Table 7 Perceived support, open answers, translated from Schwedler, 2020, p. 361
BIRC units help… (n = 110)
• To induce understanding (n = 92)
• Because they are descriptive (n = 77)
• With pre- and post-processing lessons (n = 61)
• To deal with maths (n = 33)
• Because one has to be active, think for oneself (n = 31)
• In general (n = 26)

These effects are elaborated during single-case studies. TVA6 describes, how BIRC changes her/his handling of equations from rote-learning to understanding their meaning:

If I see such an equation, I memorize the equation. But I can’t really imagine, what is going on. And that is why these units help, […] because one can see what happens, if [some parameter] changes.” (TVA6)

One major goal is to foster mental simulation on the particle level. While TVA6's description sounds more like passive reception, TRG1 underscores how the concept encourages him to mentally simulate the situation.

[These units] are helpful in any case. Instead of memorizing ‘if this happens, then that happens’, I can imagine in my own head ‘what is going to happen, if I squeeze the whole thing?” (TRG1)

That BIRC induces students to actively pursue a better conceptual understanding is regularly mentioned by students, for example by TVA7:

Therefore, these units are really helpful, because otherwise you wouldn’t think about it as deeply. Else you only think ‘Damn, where is my mistake, where is my mistake?’ But you don’t think ‘How does this actually work?’ And that is promoted by this unit.” (TVA7)

Since these studies have been carried out during the term, little is known about their effect on students’ performance during exams. One second term student TRG2, who tested one unit during development, expressed positive experiences during the first term:

[Physical chemistry] is not a subject that I like. In any case, [BIRC] helped me a lot to learn last term. I don’t know, whether I would have mastered the exam as well without it.” (TRG2)

This single statement can’t substitute systematic research. However, it indicates that at least a small number of students do profit profoundly from BIRC.

In summary, 95% of post-test participants that have worked with BIRC would (rather) recommend it to fellow students, and only 6% (post-test) agreed or rather agreed to BIRC being superfluous (see Fig. 9).

image file: c9rp00211a-f9.tif
Fig. 9 Recommendation of BIRC and cross-check, translated from Schwedler, 2020, p. 364.
Discussion of findings for question 2. On the emotional level, two thirds of the participants described working on BIRC as a (rather) enjoyable experience, especially compared to other modes of learning. They liked interacting with simulations and diagrams, were engaged due to the quiz-like nature of the first two parts and enjoyed feelings of success. Results of single-case studies were even more positive in this respect, probably because of selection effects and socially desirable answers. However, these answers emphasize the connection between active learning processes, conceptual understanding and students’ pleasure as well as wish to understand chemistry (Sözbilir, 2004), which seems to drive many first-year chemistry students.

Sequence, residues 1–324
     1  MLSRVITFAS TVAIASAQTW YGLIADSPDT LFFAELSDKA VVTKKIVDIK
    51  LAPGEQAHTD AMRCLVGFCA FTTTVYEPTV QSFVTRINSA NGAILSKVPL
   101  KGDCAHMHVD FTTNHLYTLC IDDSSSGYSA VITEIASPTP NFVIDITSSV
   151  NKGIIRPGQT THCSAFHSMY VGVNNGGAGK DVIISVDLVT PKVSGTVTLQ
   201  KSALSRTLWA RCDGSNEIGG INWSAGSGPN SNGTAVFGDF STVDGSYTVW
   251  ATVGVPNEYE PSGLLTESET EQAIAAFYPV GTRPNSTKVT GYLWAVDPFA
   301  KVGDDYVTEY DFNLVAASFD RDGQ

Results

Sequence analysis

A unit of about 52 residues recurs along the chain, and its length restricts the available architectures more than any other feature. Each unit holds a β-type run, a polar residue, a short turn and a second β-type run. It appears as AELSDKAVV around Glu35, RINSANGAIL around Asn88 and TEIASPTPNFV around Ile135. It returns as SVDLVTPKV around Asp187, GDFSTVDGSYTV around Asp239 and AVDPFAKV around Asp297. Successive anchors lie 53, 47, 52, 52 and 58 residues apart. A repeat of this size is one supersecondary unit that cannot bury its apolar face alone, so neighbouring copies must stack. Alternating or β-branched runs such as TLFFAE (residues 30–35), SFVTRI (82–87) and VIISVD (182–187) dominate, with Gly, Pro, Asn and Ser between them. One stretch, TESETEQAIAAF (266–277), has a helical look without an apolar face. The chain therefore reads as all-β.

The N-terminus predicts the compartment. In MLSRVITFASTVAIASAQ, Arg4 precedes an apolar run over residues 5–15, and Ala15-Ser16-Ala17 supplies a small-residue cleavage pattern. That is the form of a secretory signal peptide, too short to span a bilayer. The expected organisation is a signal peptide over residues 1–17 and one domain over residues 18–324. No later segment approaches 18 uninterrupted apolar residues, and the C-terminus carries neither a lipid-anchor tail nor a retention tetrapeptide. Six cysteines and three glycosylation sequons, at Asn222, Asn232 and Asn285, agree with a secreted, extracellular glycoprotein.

Participants, who tried at least one BIRC unit, are found to mostly experience it as a supporting resource, helping them to understand physical chemistry concepts on several levels and prepare or post-process lectures. Results of both single-case studies and anonymous online-inquiries are more favourable than those of the post-test. This discrepancy might stem from selection effects and the fact that post-test questioning is retrospective. Looking back, a support related to one specific topic is put into proportion to the whole term. Concerning closed questions, post-test findings are much more representative and relevant. However, single-case studies (especially think-aloud protocols) explore students’ interaction with BIRC in depth and can reveal valuable learning processes. Findings indicate that the quiz-like simulation-based concept induces students to mentally interact and simulate system behaviour in their mind, to re-evaluate prior conceptions and to change from rote learning equations to understanding their underlying meaning.

Learning gains

To address our third research question (how does working on BIRC impact students’ conceptual understanding, especially regarding submicroscopic conceptions and their link to abstract representations, in a broader student sample? Will the number of BIRC units completed correlate with students’ conceptual abilities at the end of the term?), students were not only asked to assess their competencies before and after working on BIRC. What is more, achievement tests (skilltest 1 and 2) measured students’ conceptual skills at the beginning and end of term.
Closed self-assessment. In single-case-studies (N = 76) and online-questionnaires (n = 366), students reported on their learning gains. Content-specific results are presented elsewhere (Schwedler, 2019; Schwedler and Lyczek, 2019), since they exceed the scope of this paper. Students were also asked to retrospectively estimate their competency on a closed scale before and after working on BIRC relating to four areas of competency:

C1. Ability to imagine particle behaviour related to concepts and/or phenomena